This Facebook post linked below is by a Black farmer in Virginia and it is a very sobering read.
In a post titled, A message to Charlottesville about Lee Park from your local Black farmer, Mr. Newman writes:
It isn’t Richard Spencer calling the cops on me for farming while Black. It’s nervous White women in yoga pants with “I’m with Her” and “Coexist” stickers on their German SUVs.
Chris Newman is the owner and operator of Sylvanaqua Farms in Charlottesville, the hometown of Thomas Jefferson. In nearby Lee Park, the city is planning to remove a statue of Confederate General Robert E. Lee. Protesters on both sides are showing up in the park with confederate flags or signs that read, “Love Trumps Hate”. Richard Spencer pops up in the park to protest the removal of the statue. Mr. Newman’s reaction might surprise you.
Mr. Newman loves a lot of things about the small, beautiful place with friendly people and good food. What he doesn’t like:
Charlottesville is by far the most aggressively segregated place I’ve ever lived in or visited. And that seems a strange thing to have to say about a town that hosts a public university.
The neighbors are calling the police and police are profiling:
I say “aggressively” for two reasons. One, because of how assertive police (and the citizens who summon them) are here with racial profiling. It got so bad in 2014 – 2015 that I stopped renting farmland on estates where I could be easily seen from the road, and I stopped making food deliveries into wealthier neighborhoods because of how often police would “happen by” and sometimes even question me five or ten minutes after I got a strange look from a passerby (usually someone jogging, but occasionally someone in a car). I’m not a paranoid kinda guy, but this happened way too often to be a coincidence.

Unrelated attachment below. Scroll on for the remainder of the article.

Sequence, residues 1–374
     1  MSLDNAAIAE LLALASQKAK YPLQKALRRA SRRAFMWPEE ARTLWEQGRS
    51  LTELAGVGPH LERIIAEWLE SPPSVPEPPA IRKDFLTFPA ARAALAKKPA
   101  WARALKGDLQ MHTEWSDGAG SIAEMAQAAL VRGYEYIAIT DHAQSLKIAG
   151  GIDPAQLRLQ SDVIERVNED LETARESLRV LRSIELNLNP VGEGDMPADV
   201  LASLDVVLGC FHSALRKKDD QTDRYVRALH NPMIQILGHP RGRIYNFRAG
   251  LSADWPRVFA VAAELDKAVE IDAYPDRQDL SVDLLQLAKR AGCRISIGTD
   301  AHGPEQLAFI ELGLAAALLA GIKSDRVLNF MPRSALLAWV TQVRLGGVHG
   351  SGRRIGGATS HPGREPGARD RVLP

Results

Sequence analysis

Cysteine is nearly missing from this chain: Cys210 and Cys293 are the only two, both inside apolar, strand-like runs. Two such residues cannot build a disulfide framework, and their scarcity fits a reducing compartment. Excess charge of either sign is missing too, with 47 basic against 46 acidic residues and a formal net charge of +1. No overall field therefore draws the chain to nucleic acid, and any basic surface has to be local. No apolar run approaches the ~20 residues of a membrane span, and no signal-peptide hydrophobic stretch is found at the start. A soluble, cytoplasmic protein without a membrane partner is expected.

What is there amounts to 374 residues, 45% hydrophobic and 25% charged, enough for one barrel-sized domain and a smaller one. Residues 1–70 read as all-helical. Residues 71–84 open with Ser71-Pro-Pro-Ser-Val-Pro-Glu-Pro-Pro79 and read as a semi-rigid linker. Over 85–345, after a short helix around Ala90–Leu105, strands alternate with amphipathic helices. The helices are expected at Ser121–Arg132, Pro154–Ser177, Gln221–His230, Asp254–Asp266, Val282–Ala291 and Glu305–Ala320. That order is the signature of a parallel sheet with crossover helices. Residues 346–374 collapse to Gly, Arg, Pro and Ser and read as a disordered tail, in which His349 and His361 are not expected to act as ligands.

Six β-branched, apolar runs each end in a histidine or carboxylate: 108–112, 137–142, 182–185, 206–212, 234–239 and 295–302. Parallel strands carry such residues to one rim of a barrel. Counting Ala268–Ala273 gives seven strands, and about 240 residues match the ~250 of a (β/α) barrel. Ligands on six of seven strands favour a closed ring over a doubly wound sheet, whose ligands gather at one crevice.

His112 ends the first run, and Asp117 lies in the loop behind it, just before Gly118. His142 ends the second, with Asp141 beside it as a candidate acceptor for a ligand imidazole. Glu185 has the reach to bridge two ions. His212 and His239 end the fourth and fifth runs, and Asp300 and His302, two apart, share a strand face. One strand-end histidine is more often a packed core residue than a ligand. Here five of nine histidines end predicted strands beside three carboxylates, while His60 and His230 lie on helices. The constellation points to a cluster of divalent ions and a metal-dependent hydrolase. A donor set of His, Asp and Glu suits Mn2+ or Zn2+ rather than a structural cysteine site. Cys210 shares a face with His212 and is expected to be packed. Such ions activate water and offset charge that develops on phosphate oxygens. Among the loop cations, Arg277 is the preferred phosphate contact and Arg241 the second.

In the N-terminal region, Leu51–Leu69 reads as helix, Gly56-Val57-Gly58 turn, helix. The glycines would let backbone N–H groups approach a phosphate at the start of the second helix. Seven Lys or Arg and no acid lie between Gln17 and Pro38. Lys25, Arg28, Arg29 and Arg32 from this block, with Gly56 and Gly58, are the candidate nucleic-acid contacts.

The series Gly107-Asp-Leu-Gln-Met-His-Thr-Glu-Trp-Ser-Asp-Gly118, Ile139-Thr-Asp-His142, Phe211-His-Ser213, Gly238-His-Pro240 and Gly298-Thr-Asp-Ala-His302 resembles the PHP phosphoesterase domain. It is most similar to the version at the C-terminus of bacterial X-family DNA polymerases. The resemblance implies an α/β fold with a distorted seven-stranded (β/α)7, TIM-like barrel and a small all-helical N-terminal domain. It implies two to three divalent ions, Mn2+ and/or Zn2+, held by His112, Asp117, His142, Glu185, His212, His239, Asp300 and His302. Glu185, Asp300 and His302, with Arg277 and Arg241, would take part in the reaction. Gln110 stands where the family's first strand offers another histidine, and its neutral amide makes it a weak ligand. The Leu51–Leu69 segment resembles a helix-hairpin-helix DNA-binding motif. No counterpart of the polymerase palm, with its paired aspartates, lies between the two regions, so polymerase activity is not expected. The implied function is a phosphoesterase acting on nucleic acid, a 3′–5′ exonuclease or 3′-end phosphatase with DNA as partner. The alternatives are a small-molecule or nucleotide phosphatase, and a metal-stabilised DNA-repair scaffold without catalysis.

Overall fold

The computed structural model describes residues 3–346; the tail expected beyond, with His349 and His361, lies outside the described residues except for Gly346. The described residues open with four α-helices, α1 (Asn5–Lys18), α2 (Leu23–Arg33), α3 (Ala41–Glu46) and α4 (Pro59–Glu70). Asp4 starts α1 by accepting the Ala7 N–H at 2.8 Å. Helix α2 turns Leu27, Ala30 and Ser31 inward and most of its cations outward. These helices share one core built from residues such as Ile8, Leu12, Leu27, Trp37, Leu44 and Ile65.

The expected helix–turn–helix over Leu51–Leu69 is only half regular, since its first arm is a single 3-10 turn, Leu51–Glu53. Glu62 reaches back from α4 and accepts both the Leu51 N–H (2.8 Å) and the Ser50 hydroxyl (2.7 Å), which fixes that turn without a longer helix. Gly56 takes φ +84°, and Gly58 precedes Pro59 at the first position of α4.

And then there are the Progressives using Blackness to advance White-owned brands:
Second is the sheer degree of cultural appropriation going on with businesses in the city proper. It’s little things – e.g. shops and other businesses incorporating wide swaths of hiphop culture into their branding while having not a single Black owner, partner, employee, or vendor. And those businesses are KILLING IT here. This is a town where Blackness advances White-owned brands and subjects Black-owned businesses to inspection by law enforcement.
The town’s progressives who publish the Charlottesville Weekly are the ones who worry him.
Do you really think that problem comes from people like Richard Spencer?
Check out C’Ville Weekly’s Instagram feed when you get a moment, and try not to notice that the few depictions of Black people are limited to sports, singing, criminal justice, or single parenthood. White people, meanwhile, are represented as political activists, chefs, cogs in the gig economy, musicians, dancers, people who get married, visual artists, songwriters, architects, landscapers, thespians, artistic directors, wedge-heel-wearing rugby players, dog lovers, farmers, firefighters, and people who play with their kids in cul de sacs.
Richard Spencer is not the editor of C’Ville Weekly.
Truth is, as a Black dude, I’m far less bothered by the flag wavers in this picture than this town’s progressives assuming its race problem has nothing to do with them. The former is a visual inconvenience. The latter could leave my daughters without a father.
So please, put down the candles and instead ask yourself: why is my city like this? Why is life like this for Black people in my wonderful city? The answer is a lot closer to home than Richard Spencer or Lee Park.
This should make everyone think. Read the entire post on the link.